Furthermore, the proclamation of the Kingdom of God represents “the complete and definitive elimination of every form of vengeance and every form of reprisal in relations in men,” Girard writes/says. Jesus instead demands that we “turn the other cheek.” That’s more than simply a rejection of violence that is random or chaotic, but rather a rejection of the whole structure of the mimetic/scapegoating process.
Two key points about Jesus from Girard: One is that “Saying that Christ is God, born of God, and saying that he has been conceived without sin is stating over again that he’s completely alien to the world of violence within which humankind has been imprisoned ever since the foundation of the world: that is to say, ever since Adam.”
Another is that Jesus’ death was not a sacrifice of the kind seen in the mimetic process. This is a tricky point that is belabored on for about 50 pages and which I have to say I don’t fully understand or appreciate, and one that seems to be in tension with, for instance, the language used by St. Paul (which Girard address), and the self-understanding of Christianity as represented, for example, in the Catholic mass, which refers to the crucifixion as a sacrifice.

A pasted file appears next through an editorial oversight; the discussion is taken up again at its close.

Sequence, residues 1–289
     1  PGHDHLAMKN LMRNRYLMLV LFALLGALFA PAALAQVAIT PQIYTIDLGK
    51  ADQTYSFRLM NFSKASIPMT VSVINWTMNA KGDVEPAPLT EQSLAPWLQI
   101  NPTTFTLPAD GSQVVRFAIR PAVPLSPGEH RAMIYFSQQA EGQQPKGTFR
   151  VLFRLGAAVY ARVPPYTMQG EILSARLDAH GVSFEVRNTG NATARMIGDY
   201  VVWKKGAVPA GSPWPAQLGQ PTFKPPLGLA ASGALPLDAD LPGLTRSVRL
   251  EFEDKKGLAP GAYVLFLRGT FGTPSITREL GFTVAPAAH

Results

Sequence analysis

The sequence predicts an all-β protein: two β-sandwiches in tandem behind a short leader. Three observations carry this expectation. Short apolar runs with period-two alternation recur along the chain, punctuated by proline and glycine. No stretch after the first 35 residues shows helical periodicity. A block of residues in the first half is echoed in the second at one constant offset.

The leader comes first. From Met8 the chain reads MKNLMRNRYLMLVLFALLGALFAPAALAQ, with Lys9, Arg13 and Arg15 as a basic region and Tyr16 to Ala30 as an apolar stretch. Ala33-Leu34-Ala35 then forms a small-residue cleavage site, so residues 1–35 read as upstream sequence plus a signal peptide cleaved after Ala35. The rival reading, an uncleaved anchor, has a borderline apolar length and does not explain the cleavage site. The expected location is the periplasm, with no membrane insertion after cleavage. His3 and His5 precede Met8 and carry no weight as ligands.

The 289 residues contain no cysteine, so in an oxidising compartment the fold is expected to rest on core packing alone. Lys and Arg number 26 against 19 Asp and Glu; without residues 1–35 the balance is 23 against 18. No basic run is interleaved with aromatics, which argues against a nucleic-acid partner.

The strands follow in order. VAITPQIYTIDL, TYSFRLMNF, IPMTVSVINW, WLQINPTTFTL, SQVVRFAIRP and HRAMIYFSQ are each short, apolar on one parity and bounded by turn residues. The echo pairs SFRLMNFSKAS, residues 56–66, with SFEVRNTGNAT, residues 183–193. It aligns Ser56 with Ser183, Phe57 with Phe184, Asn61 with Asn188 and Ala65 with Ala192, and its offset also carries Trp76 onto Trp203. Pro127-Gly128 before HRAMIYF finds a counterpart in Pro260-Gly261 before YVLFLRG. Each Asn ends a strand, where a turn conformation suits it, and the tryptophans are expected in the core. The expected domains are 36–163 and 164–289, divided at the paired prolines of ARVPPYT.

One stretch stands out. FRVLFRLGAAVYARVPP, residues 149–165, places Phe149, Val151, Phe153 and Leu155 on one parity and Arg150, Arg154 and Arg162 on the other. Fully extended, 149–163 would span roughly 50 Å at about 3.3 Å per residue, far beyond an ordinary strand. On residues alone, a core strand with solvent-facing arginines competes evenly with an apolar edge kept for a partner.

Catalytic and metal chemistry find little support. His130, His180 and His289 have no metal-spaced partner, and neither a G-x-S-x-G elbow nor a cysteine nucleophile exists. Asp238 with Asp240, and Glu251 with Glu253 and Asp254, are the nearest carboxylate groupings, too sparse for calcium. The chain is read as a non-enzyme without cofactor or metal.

As best I can understand it, the point is that “if Jesus’ death were sacrificial, the Resurrection would be the ‘product’ of the Crucifixion. But this is not so” — in fact it’s more the other way around: Jesus’ divinity is the cause of the crucifixion. To illustrate the point again, Girard draws a parallel between the mother of the child in dispute in the famous judgment of Solomon and Jesus: She wasn’t sacrificing the child when she offered to give him up rather than have him cut in two, but rather acting in order to save his life.